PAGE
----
Lifting the veil on conflict, culture and politics
While Pakistan deals with floods, U.S. turns up the heat in northwest
While Pakistan’s devastating floods may have set back the army’s campaign against militants, the US drone war in the northwest is unabated. Indeed America may have just stepped up the deadly attacks, if the first 12 days of this month are any indication. At least nine attacks have already been carried out in what may well turn out to the most active month since the U.S. military began drone strikes against members of al Qaeda and the Taliban in Pakistan in 2004. On Sunday there was a fresh air strike in North Waziristan in which five suspected militants were killed, intelligence officials said.
The most active month recorded so far was January 2010, with the US launching 11 strikes in Pakistan in the aftermath of the suicide attack on a US combat outpost in Khost, Afghanistan, that killed seven CIA officials and a Jordanian intelligence officer, according to the Long War Journal which tracks the drone campaign.
Is there a pattern to this ? Is America stepping into the breach caused by the floods which have forced Pakistan’s attention away from the battle against extremists ? And there seems to be a particular target. Five of the last eight strikes have taken place in the Datta Khel area of North Waziristan including Sunday’s attack. The area is a hub of the Taliban, Haqqani Network, and al Qaeda activity. Hafiz Gul Bahadar, the Taliban commander for North Waziristan, administers the region which is also home to some central Asian jihadi groups. The most successful strike was in May when a missile struck Mustafa Abu Yazid, who was al Qaeda’s top leader in Afghanistan and its chief financial officer.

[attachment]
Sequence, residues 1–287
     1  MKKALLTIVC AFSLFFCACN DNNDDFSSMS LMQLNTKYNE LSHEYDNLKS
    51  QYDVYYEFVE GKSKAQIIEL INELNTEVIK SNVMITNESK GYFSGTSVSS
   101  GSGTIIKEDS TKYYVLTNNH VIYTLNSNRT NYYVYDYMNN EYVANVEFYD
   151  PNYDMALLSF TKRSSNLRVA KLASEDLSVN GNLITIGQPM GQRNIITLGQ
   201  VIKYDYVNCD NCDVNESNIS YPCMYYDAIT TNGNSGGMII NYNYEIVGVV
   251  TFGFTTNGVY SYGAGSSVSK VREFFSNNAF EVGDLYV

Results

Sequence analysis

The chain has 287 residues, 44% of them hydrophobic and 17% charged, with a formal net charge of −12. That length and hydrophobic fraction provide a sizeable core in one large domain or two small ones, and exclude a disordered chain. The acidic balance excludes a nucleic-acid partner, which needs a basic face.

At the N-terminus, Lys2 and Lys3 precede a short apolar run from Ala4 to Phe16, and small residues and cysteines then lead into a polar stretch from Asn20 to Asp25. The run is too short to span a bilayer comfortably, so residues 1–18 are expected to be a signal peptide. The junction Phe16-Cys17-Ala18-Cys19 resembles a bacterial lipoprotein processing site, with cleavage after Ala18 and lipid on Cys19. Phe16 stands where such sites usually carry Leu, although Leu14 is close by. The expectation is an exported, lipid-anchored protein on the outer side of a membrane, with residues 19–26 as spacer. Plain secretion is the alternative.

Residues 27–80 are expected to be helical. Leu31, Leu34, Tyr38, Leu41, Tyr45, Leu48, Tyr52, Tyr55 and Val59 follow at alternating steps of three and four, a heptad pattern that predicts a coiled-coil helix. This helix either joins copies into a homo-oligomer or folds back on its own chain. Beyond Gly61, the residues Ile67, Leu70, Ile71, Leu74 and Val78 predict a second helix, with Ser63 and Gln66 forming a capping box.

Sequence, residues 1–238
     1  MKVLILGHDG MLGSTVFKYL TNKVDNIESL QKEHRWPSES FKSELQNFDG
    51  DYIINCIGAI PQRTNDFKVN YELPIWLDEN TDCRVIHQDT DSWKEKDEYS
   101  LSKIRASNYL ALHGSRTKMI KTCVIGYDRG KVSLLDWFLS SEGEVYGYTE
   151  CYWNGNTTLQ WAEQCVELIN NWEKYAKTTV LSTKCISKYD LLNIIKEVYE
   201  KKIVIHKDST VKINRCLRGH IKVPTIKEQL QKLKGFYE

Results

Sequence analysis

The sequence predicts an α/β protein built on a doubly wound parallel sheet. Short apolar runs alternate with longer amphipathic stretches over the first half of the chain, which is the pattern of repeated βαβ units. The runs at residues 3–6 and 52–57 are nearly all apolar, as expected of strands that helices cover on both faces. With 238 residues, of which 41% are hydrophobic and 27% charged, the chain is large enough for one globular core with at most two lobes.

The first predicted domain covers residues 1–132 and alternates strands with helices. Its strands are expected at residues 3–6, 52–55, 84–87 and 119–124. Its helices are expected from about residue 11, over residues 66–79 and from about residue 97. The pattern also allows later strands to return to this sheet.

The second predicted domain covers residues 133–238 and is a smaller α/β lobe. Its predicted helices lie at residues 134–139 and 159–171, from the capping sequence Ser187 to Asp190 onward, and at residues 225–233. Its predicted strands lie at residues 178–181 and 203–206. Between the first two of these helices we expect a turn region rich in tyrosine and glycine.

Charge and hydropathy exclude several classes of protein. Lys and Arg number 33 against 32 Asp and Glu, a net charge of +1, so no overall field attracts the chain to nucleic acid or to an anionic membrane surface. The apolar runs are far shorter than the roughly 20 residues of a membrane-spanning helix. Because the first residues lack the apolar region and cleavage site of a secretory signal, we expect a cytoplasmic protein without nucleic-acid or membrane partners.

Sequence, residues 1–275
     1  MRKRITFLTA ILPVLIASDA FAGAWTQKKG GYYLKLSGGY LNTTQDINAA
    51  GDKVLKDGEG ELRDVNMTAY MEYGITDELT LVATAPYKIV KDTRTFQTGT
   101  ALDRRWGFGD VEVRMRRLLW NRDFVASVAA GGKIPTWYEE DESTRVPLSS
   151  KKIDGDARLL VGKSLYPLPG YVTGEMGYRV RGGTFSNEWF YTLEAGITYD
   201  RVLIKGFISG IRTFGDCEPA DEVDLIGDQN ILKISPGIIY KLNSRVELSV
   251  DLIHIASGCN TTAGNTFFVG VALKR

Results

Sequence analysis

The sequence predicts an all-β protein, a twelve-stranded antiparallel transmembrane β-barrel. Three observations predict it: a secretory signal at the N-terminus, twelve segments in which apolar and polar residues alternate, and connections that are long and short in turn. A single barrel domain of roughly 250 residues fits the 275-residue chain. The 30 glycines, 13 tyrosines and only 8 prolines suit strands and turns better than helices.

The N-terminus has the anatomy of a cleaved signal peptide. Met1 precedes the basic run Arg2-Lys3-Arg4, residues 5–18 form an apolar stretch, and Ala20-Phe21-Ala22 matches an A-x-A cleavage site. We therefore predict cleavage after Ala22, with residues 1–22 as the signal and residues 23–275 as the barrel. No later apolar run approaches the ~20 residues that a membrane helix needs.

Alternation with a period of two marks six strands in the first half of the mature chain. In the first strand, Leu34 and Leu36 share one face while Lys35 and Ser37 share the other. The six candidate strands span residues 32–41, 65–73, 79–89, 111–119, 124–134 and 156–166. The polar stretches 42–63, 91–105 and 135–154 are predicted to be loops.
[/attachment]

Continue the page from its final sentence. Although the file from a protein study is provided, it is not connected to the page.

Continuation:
To be sure the drone war had escalated even before the floods struck. Already this year the U.S. has carried out 63 attacks inside Pakistan, more than last year’s total of 53. Most of these attacks have taken place in North Waziristan where the U.S. has been urging Pakistan to launch a ground offensive against the militants. That hasn’t happened yet in part because the Pakistan miltary said it wanted to consolidate the gains made in South Waziristan following the offensive there. It also said it didn’t have the resources immediately to launch a large-scale assault. Now with the army involved in the desperate struggle to bring the country back on its feet following the floods, that offensive seems even more distant. Even in military terms, if a ground offensive has to be launched, some of the infrastructure such as roads and bridges washed away in the floods needs to be rebuilt first.
The U.S. air war, though, suffers from no such limitations.